.

Tuesday, November 13, 2012

UNRWA's refusal to properly help the Palestinian Arabs

Recently, the Commissioner General of UNRWA Filippo Grandi gave an impassioned speech to a UN subcommittee about the plight of Palestinian Arab "refugees" and how important UNRWA is and how it needs more money.

Buried within the speech, Grandi grudgingly admits that Arab nations discriminate against Syrian refugees of Palestinian origin. Notice how he is reluctant both to explicitly describe what the Arab countries are doing and to actually criticize the Arab nations for effectively throwing Palestinian brethren under the bus:

Under the Regional Response Plan, UNRWA is also asking for US$ 10 million to assist Palestine refugees from Syria fleeing to Jordan and Lebanon – currently numbering 1600 and 8000, respectively. Their situation - difficult, like that of other refugees fleeing Syria - adds to the tensions and complexities created by the pre-existing presence of large Palestine refugee communities in those countries. In spite of the relatively small number of Palestine refugees that have left Syria, their plight sadly confirms our view that - no matter how long they have lived in host countries and how hospitably they have been treated - they remain extremely vulnerable and exposed to the shocks of crises, given the centrality and sensitivity of the Palestinian question in the regional context.

We fully appreciate that countries neighbouring Syria have assumed once again a large burden in receiving - with limited international assistance - a huge influx of Syrian refugees. I would like to stress that Palestine refugees leaving Syria for temporary protection are fleeing the same grave risks and dangers as other refugees. Unfortunately, UNRWA has received information of a number of Palestinians being denied that protection. I would like to appeal once more to neighbouring countries to apply humanitarian criteria in considering these cases, not to distinguish between different categories of refugees, and to avoid any refoulement and deportation until the conflict in Syria has been resolved.
What he is saying is that Jordan and Lebanon, while accepting most Syrian refugees, are often sending Palestinian Arabs back to Syria to face an uncertain future or death. What he doesn't say is that many more would undoubtedly be fleeing if they knew that they would be protected - but Jordan and Lebanon aren't protecting them. (Chances are that Iraq isn't either.)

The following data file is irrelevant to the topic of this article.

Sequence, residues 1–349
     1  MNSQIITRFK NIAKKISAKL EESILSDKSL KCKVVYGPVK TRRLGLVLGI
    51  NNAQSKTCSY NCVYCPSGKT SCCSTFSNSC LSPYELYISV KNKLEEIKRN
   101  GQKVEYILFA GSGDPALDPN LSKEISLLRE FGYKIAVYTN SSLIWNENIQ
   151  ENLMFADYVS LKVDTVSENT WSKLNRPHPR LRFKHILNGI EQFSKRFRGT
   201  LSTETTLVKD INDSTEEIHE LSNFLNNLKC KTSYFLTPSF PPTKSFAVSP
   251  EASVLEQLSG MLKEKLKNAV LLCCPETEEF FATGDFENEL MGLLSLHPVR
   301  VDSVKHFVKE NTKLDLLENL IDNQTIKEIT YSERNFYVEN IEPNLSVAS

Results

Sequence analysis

But Grandi doesn't say this explicitly. He uses the most passive voice possible so as not to antagonize the Arab nations who have been screwing the people he is sworn to protect.

Isn't it time to try a different angle?

Specifically, UNRWA needs to go back to its original mandate of integrating Palestinian Arabs into their host countries.

I just looked a little further at a document (referred to here) written by Lance Bartholomeusz, Chief, International Law Division, Department of Legal Affairs at UNRWA for UNRWA's 60th anniversary in 2010. It is really amazing, because it admits that UNRWA did have a mandate to resettle refugees - and somehow gave it up.

Here is what he wrote about that mandate:
More formally, the Agency has a mandate to consult with relevant governments about transitional arrangements in case of a durable solution. This part of the mandate is derived from a broader mandate existing since the Agency’s establishment:
To consult with the interested Near Eastern Governments concerning measures to be taken by them preparatory to the time when international assistance for relief and works projects is no longer available.[83]
UNRWA nevertheless does not have a mandate as such to seek durable solutions for Palestine refugees, although in its early years it had a mandate to engage in activities that promoted the integration of refugees into their host country.[84]
Footnote 84: